Chandler, Arizona, United States
There's an old saying. If you don't want someone to join a crowd, you ask them, "If everyone were jumping off of a cliff, would you?" Well, I have. So my answer would be "Yes". True story.
Profile continued . . .
My Very First Stand-Up Open Mic Part 2
with love from CRS @ 10:24 AM
this entry brought to you by radiohead, "weird fishes"
(cont'd from yesterday.)
So there Kristen and I were, getting out of her car. It was frightfully cold-- it had "snowed" a bit earlier in the evening. This is Phoenix, keep in mind, and it literally hasn't snowed here since I moved here in 2001, but there were flurries, and while it wasn't enough to stick to the ground, it was enough to freak everyone the fuck out.
The bar was down an alley, which intimidated me. It was cold and wet, much colder and wetter than it has probably been down this alley, like, ever, but I kept thinking, hey, don't sweat it. Sometimes bars are down alleyways.
When we walked inside, it was a long, narrow room with tables set up on the left, and to the right was the bar itself, sunken.
And behind the bar, there was a wall made of plexiglass. And there was a goddamn hockey game happening behind it. The bar is attached to a hockey rink, and the crowd of about twenty people was a mixture of forty year olds drinking beer, watching their eighteen year old children play hockey, and gruff, logger types, who spend their Wednesday nights watching a hockey game.
I looked at my friend calmly and we sat down, and she pointed at the place against the wall where the microphone was, saying "You'll be performing over there," completely unperturbed by our surroundings. I remained cool on my exterior, but on the inside I was saying "Oh no! Oh nooooo! Oh, what have you done to me, Kristen?" These people weren't at all going to get my Harry Potter joke. These people were not going to appreciate my joke about not drinking alcohol. And yet, here we were. Kristen had been driving for over two hours, leaving immediately from her work, all the way to my place, and then all the way into Phoenix, so I couldn't not tell my jokes. I was resigned to my fate.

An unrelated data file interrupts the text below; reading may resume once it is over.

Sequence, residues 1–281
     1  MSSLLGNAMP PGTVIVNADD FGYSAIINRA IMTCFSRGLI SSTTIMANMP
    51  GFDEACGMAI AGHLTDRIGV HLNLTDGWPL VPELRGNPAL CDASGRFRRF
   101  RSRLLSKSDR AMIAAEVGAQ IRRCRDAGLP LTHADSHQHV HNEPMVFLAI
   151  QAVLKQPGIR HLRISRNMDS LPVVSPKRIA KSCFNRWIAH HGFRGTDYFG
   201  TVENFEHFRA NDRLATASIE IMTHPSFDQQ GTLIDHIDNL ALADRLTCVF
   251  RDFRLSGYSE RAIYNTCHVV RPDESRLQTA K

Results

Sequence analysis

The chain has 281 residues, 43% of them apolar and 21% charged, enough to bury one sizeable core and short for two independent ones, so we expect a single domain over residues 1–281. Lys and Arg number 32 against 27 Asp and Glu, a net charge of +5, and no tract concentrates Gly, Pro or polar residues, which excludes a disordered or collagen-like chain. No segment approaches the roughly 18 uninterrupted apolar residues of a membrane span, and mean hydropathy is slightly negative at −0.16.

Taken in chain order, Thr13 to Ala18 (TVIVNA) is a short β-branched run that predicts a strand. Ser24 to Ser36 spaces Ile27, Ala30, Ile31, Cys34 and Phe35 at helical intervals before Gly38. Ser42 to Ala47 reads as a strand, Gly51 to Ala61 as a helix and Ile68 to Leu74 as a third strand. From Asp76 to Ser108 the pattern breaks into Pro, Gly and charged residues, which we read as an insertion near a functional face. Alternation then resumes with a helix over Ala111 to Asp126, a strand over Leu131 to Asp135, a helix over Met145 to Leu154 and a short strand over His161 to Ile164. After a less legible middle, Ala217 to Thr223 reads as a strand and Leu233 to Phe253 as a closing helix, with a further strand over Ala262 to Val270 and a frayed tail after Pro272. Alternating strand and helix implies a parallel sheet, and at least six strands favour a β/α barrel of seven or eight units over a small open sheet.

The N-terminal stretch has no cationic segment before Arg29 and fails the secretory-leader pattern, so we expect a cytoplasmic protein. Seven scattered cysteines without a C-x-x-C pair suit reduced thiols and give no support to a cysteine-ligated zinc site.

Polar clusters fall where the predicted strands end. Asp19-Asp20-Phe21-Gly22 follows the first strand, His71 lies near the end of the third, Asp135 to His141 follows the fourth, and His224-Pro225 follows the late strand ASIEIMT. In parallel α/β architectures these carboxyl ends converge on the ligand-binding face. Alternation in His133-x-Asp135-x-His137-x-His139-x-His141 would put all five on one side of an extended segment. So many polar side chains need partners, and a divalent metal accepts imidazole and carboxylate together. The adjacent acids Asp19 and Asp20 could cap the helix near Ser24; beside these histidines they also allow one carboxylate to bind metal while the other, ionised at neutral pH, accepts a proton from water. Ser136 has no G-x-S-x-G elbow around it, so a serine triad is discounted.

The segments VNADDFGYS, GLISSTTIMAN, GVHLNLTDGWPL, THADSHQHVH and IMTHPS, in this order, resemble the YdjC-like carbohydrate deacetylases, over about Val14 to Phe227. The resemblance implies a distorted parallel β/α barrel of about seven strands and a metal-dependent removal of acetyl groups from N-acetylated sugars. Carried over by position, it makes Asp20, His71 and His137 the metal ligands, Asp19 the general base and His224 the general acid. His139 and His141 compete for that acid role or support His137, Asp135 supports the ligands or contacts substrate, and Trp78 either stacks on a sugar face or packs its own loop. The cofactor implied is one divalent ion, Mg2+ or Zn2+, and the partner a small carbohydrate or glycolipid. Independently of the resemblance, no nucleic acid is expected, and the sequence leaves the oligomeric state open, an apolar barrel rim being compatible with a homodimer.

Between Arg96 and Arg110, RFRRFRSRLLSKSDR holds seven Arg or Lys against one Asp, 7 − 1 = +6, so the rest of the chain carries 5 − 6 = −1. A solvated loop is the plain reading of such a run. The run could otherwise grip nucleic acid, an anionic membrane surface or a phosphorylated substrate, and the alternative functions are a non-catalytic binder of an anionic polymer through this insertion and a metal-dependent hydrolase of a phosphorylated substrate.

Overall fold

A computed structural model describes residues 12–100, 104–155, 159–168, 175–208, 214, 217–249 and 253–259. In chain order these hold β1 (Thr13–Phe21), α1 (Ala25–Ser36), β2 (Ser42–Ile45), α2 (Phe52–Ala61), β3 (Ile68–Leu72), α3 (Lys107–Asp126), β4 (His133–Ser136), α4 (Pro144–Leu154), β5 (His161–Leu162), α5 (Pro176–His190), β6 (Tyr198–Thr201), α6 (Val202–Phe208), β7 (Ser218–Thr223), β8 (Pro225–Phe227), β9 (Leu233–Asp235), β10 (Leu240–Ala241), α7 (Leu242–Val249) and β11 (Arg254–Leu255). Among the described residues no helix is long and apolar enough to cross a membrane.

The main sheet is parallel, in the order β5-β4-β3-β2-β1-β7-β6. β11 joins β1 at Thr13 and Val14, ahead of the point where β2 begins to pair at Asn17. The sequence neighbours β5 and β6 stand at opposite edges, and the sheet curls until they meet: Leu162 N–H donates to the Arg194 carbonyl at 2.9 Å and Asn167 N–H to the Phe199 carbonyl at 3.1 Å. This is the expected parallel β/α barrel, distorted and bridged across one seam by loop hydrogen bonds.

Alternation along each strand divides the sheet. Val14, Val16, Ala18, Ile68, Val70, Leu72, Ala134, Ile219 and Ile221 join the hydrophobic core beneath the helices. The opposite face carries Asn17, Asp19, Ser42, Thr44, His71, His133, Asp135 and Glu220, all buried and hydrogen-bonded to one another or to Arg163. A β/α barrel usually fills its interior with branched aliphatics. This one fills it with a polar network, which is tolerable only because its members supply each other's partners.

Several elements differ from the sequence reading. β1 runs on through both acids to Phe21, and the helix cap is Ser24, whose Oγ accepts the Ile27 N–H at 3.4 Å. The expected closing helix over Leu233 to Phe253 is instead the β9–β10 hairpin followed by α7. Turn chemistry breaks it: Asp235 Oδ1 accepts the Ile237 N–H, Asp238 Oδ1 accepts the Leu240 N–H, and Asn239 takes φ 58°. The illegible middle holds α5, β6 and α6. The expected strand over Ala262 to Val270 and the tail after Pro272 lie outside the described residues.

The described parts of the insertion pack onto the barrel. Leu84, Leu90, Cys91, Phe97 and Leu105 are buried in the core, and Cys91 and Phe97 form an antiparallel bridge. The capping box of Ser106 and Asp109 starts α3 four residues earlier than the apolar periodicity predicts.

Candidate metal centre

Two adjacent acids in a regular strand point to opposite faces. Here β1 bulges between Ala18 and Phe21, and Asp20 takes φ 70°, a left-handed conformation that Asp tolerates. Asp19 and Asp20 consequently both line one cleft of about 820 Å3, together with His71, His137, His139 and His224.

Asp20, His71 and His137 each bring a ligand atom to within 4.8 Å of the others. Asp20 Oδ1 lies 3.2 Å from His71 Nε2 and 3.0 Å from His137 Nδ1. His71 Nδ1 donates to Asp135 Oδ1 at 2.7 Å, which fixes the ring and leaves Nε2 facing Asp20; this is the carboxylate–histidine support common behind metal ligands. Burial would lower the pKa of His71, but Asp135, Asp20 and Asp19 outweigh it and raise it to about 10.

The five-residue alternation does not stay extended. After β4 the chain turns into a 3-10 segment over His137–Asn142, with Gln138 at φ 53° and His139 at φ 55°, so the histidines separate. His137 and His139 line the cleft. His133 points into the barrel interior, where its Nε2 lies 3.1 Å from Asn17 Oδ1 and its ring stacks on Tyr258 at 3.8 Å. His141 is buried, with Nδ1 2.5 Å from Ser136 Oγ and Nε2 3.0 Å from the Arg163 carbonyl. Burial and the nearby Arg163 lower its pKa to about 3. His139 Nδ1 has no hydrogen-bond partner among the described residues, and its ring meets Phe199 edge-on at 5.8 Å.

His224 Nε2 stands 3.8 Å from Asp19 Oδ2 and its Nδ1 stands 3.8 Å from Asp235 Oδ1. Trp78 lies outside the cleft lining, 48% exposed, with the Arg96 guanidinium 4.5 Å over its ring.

At 8:30 on the dot, however, the bar was suddenly filled with nerdy types, hipsters, and enthusiastic college girls, and I realized, oh wait, here are the comics. And soon the group outnumbered the grumpy logger/ hockey family types, and I heard them saying "There is a fucking hockey game going on, what the fuck are we going to do?" Which made me feel better regarding this situation, because at least, while this show has been at this same location for two years, this was unusual even for them.
Which brought the second anxiety. Everyone knew one another and was already friends. But of course they already knew each other. They probably came every week. There was a group of girls who were clearly not comedians, but were just fans of this particular open mic. Why wouldn't there be? But it intimidated me, being the odd one out. I was the only new comic that night, and while everybody has to be new at some point in time, ordinarily when you're the new guy, say, at a new job, you do whatever you can to not call attention to yourself, to blend in. In this situation though, not only was I the new guy, but I also was about to demand attention-- all of the attention. And any time a new guy shows up at your work and is immediately an attention hog without any getting-to-know you phase, well, people hate that guy.